Lidia Yuknavitch’s The Small Backs of Children really appealed to me, drawn as I am to books set within the landscape of Eastern Europe. The novel is shaped around a ‘heart-stopping image’ taken by a photographer, of a young girl running from the explosion which engulfs her home, and kills her family. This photograph has won prizes and a great deal of acclaim, and it soon becomes a ‘subject of obsession’ for the photographer’s best friend.

At first, I must admit that I was enjoying this book. The prose is beautifully rich in the first couple of chapters, and feels almost fairytale-like; it makes much use of colour and space, and focuses on both the known and the unknown. Yuknavitch has an interesting approach to writing, using lots of single, snappy sentences alongside very long and descriptive ones. She flits between perspectives and settings throughout, something which I usually enjoy in fiction. However, the fact that none of the characters whatsoever were named until very late on, and were described only by their professions – ‘The Poet, ‘The Playwright’ – did become a little confusing, as they were not explicitly different from one another on the whole. Sometimes it felt as though their professions were the only things which set them apart, but as these professions were almost entirely creative, I feel as though any distinction was lost.

There are some memorable scenes and images here, but overall, The Backs of Small Children has left me cold. I did like the strange, almost otherworldly feel of the book at first, but this felt almost overwhelming as it went on. The primal, animalistic edge, with its often unnecessary obsession with sex, suffused everything, and I regularly found the novel uncomfortable to read. It did not hold my interest all of the way through, either. Whilst the beginning of The Backs of Small Children felt promising, I found it too muddled a book to really enjoy. I am now conflicted as to whether I would read anything else by Yuknavitch; if it all follows a similar pattern to this novel, then I am happy to move on to other authors.

I am afraid that as I did not get much further than this with my challenge, there will be no further updates.

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‘Two Underdogs and a Cat’ by Slavenka Drakulic ****

‘Croatian writer Slavenka Drakulic here presents an unorthodox, imaginative take on the transition from Communism to capitalism in the former Soviet Union. Three characters – a dog, an underdog, and a cat – offer the reader narratives that reflect on life under Communism and what has followed in its wake. The first, “An Interview with the Oldest Dog in Bucharest,” is about a dog named Charlie, whose mother, Mimi, together with thousands of other pets, was thrown out into the street during the Ceausescu regime. In this interview, Charlie describes how not only people but animals, too, became victims during the destruction of downtown neighborhoods in Bucharest in order to build a pyramid-like ‘Palace of the People’. In “A Guided Tour of the Museum of Communism,” a sixty-year-old souvenir vendor-cum-cleaning woman in Prague reflects upon the meaning of such a museum and concludes wryly that she herself is possibly the museum’s best exhibit. Finally, “A Cat-keeper in Warsaw” describes an encounter with a person “of feline origin” who claims to be in possession of the cat-keeper called ‘General’ who declared martial law in Poland on December 13, 1981. The three stories are unified by powerful, but troubling questions: Are democracy and capitalism really a change for the better? Is the idea of social justice lost forever? Is there such a thing as collective responsibility? And how do we remember and understand our past?’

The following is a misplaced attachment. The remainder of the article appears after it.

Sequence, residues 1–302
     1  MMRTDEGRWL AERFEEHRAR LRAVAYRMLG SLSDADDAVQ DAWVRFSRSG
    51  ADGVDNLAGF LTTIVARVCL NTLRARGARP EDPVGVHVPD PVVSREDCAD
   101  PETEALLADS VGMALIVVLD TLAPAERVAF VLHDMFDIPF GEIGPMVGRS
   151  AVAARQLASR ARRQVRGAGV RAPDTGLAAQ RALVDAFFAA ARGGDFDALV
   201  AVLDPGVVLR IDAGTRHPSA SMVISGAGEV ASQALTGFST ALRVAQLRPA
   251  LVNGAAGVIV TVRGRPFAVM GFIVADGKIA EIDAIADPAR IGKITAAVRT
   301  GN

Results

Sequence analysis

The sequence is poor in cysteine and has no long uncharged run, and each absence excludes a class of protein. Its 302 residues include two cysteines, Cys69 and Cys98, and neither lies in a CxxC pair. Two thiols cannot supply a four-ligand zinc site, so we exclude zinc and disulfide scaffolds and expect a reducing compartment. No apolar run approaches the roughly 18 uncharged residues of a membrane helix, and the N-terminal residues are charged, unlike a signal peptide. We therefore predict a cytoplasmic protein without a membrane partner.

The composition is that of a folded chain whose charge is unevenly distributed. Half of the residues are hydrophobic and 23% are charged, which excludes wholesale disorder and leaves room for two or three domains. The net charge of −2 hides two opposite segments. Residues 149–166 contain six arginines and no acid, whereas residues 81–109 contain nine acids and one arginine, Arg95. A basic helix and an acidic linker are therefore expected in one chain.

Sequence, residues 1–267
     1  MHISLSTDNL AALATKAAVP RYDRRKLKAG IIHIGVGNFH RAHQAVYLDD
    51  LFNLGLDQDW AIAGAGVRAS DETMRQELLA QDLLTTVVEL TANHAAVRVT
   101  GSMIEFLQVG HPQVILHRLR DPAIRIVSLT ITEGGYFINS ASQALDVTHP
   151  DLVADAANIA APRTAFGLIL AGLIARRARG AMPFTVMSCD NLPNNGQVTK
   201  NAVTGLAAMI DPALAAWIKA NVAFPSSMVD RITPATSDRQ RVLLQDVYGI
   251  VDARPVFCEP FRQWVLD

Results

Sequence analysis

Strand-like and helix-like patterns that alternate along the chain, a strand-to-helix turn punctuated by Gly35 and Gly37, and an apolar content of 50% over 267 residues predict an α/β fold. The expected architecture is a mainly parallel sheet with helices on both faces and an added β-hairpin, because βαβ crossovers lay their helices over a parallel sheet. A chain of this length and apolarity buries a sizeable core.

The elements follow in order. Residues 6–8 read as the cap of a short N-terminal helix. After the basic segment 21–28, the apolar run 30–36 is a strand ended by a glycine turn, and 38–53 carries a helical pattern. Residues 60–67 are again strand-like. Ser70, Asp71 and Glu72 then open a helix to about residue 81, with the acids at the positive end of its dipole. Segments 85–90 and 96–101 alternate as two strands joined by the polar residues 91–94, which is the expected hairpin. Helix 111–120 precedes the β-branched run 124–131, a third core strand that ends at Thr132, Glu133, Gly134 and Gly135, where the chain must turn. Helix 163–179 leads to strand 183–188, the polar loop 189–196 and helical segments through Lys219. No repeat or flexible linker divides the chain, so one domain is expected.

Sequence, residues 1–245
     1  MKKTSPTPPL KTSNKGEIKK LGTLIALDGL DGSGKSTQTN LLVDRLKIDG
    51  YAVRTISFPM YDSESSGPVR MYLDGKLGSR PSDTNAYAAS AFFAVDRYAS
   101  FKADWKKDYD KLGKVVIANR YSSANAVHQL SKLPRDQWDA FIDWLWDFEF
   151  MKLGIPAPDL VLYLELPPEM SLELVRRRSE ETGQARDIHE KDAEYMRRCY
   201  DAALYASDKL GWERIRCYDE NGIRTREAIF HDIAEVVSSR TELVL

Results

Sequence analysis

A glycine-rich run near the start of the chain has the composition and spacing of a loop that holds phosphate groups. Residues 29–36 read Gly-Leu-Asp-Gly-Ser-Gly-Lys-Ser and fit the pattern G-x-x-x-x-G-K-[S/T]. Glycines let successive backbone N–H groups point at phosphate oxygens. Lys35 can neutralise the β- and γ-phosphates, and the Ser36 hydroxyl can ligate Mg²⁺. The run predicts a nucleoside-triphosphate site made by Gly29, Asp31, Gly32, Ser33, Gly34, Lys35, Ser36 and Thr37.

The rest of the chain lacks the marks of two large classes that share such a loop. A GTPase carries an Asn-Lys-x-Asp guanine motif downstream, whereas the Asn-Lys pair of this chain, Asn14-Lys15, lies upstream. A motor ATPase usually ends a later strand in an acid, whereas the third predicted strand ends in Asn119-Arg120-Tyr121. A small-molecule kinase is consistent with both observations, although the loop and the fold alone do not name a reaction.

9781906497286I have wanted to read Slavenka Drakulic’s work for ages, and borrowed Two Underdogs and a Cat: Three Reflections on Communism, the only book of hers which my library had in stock. The volume is comprised of three short stories entitled ‘A Guided Tour Through the Museum of Communism’, ‘An Interview with the Oldest Dog in Bucharest’, and ‘The Cat-Keeper in Warsaw’, told from the perspective of a mouse, a dog, and a cat respectively.

Drakulic’s work is clever, deep, and well informed, with a touch of whimsy. Each story is engaging, and the way in which they are told and the content which they express mould to become something quite profound. In the first story, for instance, Drakulic writes the following: ‘Maybe the absence of individual stories is the best illustration of the fact that individualism was the biggest sin one could commit.’

Informative, powerful, and rather different to many of the reflections on Communist rule which I have read to date, Two Underdogs and a Cat is one of the most memorable books I have come across in quite a while. Drakulic effectively demonstrates how far-reaching Communism was, and the effects which still remain today for ordinary people. As she writes in ‘An Interview with the Oldest Dog in Bucharest’, in a clear play on George Orwell’s Animal Farm, ‘In the transition from Communism to capitalism, all people are unequal but some are more unequal than others’.